The short answer is that criminal record expungement in Arizona doesn’t exist. According to Arizona Admin. Code R13-1-102, you cannot erase or seal an arrest or charge on an Arizona criminal record. Your criminal record will remain with you until you reach the age of 99.

But under the correct circumstances, you can obtain some of the benefits of expungement in Arizona. You can do this by having your conviction set aside under Arizona law.

If your criminal record has an error, you can also have the courts correct it. There are also some special circumstances in which the courts will vacate a conviction.

Obtaining these benefits of expungement in Arizona can be difficult. The Arizona courts don’t make it easy and straightforward to set aside a conviction. Even a small mistake could cause the courts to reject the set-aside. 

At the Belen Law Firm, we understand that a criminal record can haunt you. Many times, our experienced Phoenix defense attorneys can convince the courts to change or reduce a charge. Even then, many of our clients suffer from lingering criminal records. 

In this post, defense attorney Belen Olmedo Guerra will explain the process of setting aside a conviction in Arizona.

What Does Setting Aside A Conviction Mean?

A set-aside is a version of expungement in Arizona. Setting aside a conviction is different than expunging a conviction.

When you expunge a conviction, you completely erase it. A set aside doesn’t erase the conviction but cancels or revokes it. 

While the original charge or conviction will still be on your record, there will be an alteration. Essentially, the original charge or conviction will still be there, but the set-aside will appear next to it. 

For instance, let’s say you are searching for a new job. 

Your potential employer runs a background check on you and sees your felony theft charges in Arizona. If your charges have been set aside, the courts will mark this charge as vacated or set aside. Thus, your potential employer will know that at one point Arizona courts charged you with a felony. But your potential employer will also see that you satisfied all the requirements of the court and that an Arizona judge agreed to set aside your conviction. However, because there is no such thing as expungement in Arizona, you still have to disclose your charges if your potential employer asks.

This may not seem like the same thing as expungement, because it isn’t. As we said, there is no such thing as expungement in Arizona. But a set aside order lets anyone looking at your criminal record know that you have successfully atoned for your crime. Some employers and landlords will view this positively, and some will not.

What Happens If The Court Declines My Application to Set Aside A Conviction?

If the Court denies your request to set aside your conviction, you can file a request for reconsideration. This depends on the reason for the denial. 

You can find instructions for requesting reconsideration on the appropriate Court’s website.

What Rights Will I Get Back After My Conviction is Set Aside?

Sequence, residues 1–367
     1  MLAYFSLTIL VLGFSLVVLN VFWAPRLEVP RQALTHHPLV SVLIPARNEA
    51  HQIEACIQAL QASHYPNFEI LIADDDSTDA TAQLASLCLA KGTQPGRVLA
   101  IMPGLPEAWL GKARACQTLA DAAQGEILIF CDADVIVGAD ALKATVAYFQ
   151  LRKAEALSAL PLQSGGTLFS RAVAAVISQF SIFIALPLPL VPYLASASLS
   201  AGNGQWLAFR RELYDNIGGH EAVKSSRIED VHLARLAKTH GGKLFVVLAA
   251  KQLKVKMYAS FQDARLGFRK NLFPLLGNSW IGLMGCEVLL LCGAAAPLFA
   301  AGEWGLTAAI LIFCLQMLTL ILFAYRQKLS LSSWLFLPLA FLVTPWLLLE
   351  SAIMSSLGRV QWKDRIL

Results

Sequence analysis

When a court sets aside your criminal record, it releases you from all associated disabilities and penalties. If an Arizona court has convicted you of a felony, you are more than familiar with the suspension of civil rights. Those with felonies on their record often lose their right to vote, right to serve on a jury, and their right to own firearms.

A set-aside will even return you your civil rights, including the right to own a firearm even if you have Arizona felony charges on your record. 

Expungement in Arizona: Can I Have My Conviction Set Aside?

Unfortunately, not everyone can have their conviction set aside. While a court will set aside many felony and misdemeanor convictions, there are some convictions that make setting aside the conviction impossible. 

These charges include:

If a court has convicted you of any of these crimes, setting aside the conviction is not an option.

You should also note that you have to file your request for a set aside with the correct court. For instance, if a federal court convicted you, an Arizona Court does not have the power to set aside that conviction.

Can I Correct Mistakes On My Criminal Record?

Expungement in Arizona is not the only option for altering your criminal record. If police wrongfully arrested you or if a court wrongfully charged you and then cleared you, you can ask the superior court to note this on your criminal record. 

Wrongful charges aren’t the only corrections you can make on your criminal record. You can also correct your criminal record by filling out a form called “Review and Challenge of Arizona Criminal History Information.” You can get this form from the Arizona Department of Public Safety.

Once you submit this form, the state criminal records agency will review it. If the corrections are necessary, the agency will update the record. 

Vacating the Conviction of A Human Trafficking Victim in Arizona 

Though there is no such thing as expungement in Arizona, there is a specific set of circumstances where the courts will vacate a conviction.

If a court convicts you of a prostitution charge while you were the victim of human trafficking, you can ask for them to vacate that record. 

Once the court vacates the conviction, under most circumstances it is like the crime never occurred. You do not have to disclose that police arrested you or that courts charged or convicted you of the crime. 

Contact The Belen Law Firm

Shouldering a felony conviction is a heavy burden, especially when there is no such thing as expungement in Arizona. But at the Belen Law Firm, we not only help our clients through their trials but help them integrate back into life afterward. To contact our top Arizona criminal defense lawyers, call 602-715-0908. You can also fill out a form to schedule a free consult.